Modelers tend to exploit the various degrees of freedom provided by the UML. The lack of uniformity and the large amount of defects contained in UML models result in miscommunication between different readers. To prevent these problems we propose modeling conventions, analogue to coding conventions for programming. This work reports on a controlled experiment to explore the effect of modeling conventions on defect density and modeling effort. 106 masters’ students participated over a six-weeks period. Our results indicate that decreased defect density is attainable at the cost of increased effort when using modeling conventions, and moreover, that this trade-off is increased if tool-support is provided. Additionally we report observations on the subjects’ adherence to and attitude towards modeling conventions. Our observations indicate that efficient integration of convention support in the modeling process, e.g. through training and seamless tool integration, forms a promising direction towards preventing defects.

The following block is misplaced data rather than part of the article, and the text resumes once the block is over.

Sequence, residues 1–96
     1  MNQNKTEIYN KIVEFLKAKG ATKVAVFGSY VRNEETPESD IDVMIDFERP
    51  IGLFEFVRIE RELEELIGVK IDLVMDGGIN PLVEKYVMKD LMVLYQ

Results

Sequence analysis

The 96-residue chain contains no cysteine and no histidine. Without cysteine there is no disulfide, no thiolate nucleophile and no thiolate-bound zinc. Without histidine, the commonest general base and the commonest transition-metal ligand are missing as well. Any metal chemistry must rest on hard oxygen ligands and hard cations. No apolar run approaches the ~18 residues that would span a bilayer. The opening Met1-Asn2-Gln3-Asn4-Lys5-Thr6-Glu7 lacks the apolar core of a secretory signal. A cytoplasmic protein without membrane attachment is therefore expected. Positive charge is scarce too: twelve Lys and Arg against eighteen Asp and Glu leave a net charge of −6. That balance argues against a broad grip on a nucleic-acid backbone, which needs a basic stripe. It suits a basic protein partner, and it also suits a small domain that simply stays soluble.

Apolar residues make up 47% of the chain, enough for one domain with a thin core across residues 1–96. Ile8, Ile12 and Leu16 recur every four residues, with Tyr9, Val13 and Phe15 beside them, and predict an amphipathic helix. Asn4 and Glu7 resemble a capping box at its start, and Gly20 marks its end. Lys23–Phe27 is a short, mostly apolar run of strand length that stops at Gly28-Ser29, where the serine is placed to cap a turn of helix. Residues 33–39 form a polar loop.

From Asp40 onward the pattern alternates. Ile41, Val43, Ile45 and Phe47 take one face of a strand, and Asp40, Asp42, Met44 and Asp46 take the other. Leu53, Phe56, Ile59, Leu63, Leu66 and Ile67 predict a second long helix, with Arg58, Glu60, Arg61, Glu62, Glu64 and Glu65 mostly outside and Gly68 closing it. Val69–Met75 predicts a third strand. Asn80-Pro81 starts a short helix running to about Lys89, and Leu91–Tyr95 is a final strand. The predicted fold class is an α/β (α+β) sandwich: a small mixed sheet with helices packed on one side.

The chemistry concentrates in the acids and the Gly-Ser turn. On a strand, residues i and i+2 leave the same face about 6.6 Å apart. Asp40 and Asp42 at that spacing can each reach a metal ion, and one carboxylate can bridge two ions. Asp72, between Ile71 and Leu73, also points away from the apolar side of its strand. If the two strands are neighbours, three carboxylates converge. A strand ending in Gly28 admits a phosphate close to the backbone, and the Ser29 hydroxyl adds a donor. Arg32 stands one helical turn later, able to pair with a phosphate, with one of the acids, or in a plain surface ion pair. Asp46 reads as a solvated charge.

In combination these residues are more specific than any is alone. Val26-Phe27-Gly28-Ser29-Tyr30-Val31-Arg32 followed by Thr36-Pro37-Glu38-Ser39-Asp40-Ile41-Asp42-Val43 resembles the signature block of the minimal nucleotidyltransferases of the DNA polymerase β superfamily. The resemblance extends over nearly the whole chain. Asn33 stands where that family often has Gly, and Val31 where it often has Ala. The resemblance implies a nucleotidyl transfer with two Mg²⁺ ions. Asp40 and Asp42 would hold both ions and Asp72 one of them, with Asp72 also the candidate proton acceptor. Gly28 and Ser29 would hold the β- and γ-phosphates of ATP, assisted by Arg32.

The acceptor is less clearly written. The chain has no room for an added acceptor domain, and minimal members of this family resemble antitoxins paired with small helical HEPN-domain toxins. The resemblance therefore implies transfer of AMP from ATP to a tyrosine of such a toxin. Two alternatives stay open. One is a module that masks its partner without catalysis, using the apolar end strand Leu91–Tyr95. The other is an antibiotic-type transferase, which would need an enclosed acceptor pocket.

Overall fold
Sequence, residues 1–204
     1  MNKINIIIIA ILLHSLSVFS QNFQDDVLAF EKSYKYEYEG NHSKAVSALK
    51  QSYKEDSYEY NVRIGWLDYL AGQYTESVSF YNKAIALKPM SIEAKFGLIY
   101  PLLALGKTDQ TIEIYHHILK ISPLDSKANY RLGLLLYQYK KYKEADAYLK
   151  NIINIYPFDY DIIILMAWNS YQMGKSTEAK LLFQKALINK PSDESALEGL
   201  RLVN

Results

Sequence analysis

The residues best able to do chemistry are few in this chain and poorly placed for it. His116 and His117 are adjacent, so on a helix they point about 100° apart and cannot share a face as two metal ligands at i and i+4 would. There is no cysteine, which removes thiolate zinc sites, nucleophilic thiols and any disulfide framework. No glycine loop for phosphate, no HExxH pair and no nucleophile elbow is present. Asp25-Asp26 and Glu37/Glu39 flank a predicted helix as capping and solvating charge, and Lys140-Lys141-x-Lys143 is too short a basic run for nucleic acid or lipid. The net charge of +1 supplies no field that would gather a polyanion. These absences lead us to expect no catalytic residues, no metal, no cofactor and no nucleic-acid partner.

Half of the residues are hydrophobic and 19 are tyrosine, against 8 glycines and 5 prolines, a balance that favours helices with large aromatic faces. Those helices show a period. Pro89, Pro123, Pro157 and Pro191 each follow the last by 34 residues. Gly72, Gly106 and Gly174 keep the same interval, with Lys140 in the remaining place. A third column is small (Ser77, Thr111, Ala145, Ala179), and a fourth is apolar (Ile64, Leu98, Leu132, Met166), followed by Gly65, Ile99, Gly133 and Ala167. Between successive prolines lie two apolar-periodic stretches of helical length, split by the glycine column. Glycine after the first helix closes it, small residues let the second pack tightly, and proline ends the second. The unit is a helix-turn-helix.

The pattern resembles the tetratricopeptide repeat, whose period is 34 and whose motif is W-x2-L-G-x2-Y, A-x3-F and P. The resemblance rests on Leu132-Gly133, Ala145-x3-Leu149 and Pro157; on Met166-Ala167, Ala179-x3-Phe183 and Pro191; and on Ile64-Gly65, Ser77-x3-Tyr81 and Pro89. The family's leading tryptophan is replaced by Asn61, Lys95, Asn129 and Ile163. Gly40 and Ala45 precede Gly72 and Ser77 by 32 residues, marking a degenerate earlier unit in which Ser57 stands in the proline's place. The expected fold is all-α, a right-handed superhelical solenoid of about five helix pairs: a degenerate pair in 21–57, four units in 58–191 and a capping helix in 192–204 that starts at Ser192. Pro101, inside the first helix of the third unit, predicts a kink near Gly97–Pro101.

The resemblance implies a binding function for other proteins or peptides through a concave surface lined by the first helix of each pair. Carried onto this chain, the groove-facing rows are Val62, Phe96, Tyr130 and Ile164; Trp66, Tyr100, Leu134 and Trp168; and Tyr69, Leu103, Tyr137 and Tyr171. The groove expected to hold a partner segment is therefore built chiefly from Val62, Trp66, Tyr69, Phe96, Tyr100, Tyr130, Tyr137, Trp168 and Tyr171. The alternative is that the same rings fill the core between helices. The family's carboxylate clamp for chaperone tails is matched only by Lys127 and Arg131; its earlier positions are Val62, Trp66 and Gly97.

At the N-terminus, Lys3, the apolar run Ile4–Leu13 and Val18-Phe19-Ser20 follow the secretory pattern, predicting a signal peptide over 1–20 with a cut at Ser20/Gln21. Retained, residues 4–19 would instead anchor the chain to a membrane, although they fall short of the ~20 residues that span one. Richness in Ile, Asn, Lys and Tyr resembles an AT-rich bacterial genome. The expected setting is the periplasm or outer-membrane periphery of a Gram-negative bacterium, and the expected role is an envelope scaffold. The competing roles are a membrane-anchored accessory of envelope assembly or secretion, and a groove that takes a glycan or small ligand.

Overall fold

|Titel||Model-Driven Engineering Languages and Systems (Proceedings 9th International Conference, MoDELS 2006, Genova, Italy, October 1-6, 2006)|
|Redacteuren||O. Nierstrasz, J. Whittle, D. Harel, G. Reggio|
|Plaats van productie||Berlin|
|ISBN van geprinte versie||3-540-45772-0|
|Status||Gepubliceerd - 2006|
|Naam||Lecture Notes in Computer Science|
|ISSN van geprinte versie||0302-9743|